• Relative X - The number X represents the location of a target memory address, relative to the current address. The number at this location is used in computation. If line #35 is being executed and contains -5, then line #30 is used.

... //just a space-filler
...
DAT 0 1
DAT 2 4


This will add the second DAT line to the first.

• Indirect @X - The number X represent a relative address. The contents at that location are temporarily added to the number X to form a new relative address, from which the number is retrieved. If line #35 is being executed, and its second field is @4, and the second field of line #39 contains the number -7, then line #32 is used.

... //just a space-filler
...
DAT 0 1
DAT 2 4


This will add the first DAT to the second, but in a more convoluted way. The first field is @1, which gets the data from that relative address, which is the first field of the first DAT, a 0. This is interpreted as a second relative address from that location, so 1+0=1 gives the total offset from the original instruction. For the second field, @1 gets the value from that relative address (the 1 in the second field of the first DAT) and adds it to itself in the same way. The total offset is then 1+1=2. So, this instruction is executed similarly to ADD 1 2.

Each program can contain up to 64 instructions.

When a round starts, the two programs are placed randomly in a memory bank with 8192 locations. The instruction pointer for each program starts at the beginning of the program and is incremented after each execution cycle. The program dies once its instruction pointer attempts to execute a DAT instruction.

## Parameters of the Core

The core size is 8192, with a timeout of 8192*8 = 65536 ticks. The core is cyclic, so writing to address 8195 is the same as writing to address 3. All unused addresses are initialized to DAT #0 #0.

Each competitor must not be longer than 64 lines. Integers will be stored as 32-bit signed integers.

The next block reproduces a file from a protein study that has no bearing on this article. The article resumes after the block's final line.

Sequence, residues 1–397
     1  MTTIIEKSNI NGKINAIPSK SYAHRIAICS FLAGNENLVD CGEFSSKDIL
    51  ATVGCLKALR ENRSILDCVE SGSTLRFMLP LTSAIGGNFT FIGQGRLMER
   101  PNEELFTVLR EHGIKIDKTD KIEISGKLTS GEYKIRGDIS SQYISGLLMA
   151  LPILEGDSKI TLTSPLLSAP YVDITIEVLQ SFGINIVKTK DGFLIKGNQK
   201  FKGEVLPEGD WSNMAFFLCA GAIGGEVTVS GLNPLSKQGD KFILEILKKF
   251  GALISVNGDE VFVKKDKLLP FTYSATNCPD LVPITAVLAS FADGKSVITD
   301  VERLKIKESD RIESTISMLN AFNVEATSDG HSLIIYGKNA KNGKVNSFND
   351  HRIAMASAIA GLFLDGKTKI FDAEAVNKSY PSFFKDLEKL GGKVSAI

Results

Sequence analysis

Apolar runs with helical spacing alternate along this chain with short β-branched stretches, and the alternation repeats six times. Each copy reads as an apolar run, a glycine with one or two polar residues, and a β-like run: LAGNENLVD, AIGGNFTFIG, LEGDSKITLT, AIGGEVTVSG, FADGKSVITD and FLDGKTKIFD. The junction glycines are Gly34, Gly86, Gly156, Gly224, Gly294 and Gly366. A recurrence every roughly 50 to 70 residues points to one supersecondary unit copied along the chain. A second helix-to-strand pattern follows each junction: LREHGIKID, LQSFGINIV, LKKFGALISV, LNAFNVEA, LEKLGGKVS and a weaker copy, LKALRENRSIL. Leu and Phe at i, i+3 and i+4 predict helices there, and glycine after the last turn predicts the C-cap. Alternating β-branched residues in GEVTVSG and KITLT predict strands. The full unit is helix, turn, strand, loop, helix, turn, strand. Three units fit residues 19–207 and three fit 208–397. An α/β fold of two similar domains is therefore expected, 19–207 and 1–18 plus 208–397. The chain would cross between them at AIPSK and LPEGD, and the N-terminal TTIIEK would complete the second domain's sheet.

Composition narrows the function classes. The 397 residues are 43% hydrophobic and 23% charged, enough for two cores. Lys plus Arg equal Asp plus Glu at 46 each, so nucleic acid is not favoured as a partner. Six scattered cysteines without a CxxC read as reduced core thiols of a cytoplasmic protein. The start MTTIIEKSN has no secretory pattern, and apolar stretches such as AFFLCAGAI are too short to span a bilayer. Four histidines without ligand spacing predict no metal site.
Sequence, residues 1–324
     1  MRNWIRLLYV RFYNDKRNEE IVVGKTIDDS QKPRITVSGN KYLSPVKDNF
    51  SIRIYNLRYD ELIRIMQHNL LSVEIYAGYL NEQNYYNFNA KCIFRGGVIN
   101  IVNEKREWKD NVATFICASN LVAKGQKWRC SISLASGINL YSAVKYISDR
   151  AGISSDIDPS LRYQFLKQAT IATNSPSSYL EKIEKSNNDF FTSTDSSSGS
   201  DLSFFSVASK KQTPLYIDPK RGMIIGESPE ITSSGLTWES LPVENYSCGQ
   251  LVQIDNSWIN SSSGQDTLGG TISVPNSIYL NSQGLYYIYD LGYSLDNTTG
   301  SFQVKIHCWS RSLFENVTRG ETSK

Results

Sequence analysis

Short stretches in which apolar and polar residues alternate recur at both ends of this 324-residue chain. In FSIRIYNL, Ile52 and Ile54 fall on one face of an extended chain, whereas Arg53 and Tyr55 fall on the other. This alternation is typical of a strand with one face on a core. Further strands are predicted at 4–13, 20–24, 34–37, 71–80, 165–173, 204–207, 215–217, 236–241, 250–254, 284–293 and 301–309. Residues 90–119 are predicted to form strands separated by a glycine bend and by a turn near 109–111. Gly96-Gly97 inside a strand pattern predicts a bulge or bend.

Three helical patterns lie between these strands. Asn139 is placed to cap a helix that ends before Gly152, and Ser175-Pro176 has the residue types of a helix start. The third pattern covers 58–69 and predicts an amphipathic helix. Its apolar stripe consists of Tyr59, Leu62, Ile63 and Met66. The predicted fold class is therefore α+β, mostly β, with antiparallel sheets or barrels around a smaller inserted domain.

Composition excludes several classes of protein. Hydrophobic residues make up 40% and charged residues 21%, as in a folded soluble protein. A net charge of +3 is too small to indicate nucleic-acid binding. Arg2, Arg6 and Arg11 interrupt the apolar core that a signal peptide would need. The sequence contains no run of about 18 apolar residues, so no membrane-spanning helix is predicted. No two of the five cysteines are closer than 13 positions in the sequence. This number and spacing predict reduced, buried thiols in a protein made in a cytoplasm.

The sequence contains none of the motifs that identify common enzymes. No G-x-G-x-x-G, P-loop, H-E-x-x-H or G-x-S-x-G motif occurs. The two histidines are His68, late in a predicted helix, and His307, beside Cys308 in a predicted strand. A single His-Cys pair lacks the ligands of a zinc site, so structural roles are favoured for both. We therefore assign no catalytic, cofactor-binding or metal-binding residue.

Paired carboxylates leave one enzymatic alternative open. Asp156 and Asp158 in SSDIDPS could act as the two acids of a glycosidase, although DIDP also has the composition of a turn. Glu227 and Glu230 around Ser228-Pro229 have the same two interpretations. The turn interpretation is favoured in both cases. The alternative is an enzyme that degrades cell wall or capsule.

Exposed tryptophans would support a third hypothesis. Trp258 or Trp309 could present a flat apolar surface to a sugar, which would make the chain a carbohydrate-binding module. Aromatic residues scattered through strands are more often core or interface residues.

## Parsing

In order to make programming easier for competitors, I will add a line-label feature to the parser. Any words that occur on a line before an opcode will be interpreted as line labels. For example, tree mov 4 6 has the line label tree. If, anywhere in the program, there is a field that contains tree #tree or @tree, a number will be substituted. Also, capitalization is ignored.

Here is a example of how line labels are substituted:

labelA add labelB @labelC
labelC sub labelA @labelB


Here, labels A, B, and C are on lines 0, 1, and 2. Instances of #label will be substituted with the line number of the label. Instances of label or @label are substituted with the relative location of the label. Addressing modes are preserved.

ADD 1 @2
SUB -2 @-1


# Scoring

For each pair of contestants, every possible battle is performed. Since the outcome of a battle depends on the relative offsets of the two programs, every possible offset (about 8000 of them) is tried. Furthermore, each program has a chance to move first in each offset. The program that wins the majority of these offsets is the winner of the pair.

For each pair-up that a warrior wins, it is awarded 2 points. For each tie, a warrior is awarded 1 point.

You are allowed to submit more than one warrior. The typical rules for multiple submissions apply, such as no tag-teaming, no cooperating, no king-making, etc. There's not really any room for this in Core War anyways, so it shouldn't be a big deal.

# The Controller

The code for the controller, along with two easy example bots, is located here. Since this competition (when run using the official settings) is completely deterministic, the leaderboard you create will be the exact same as the official leaderboard.

## Example Bot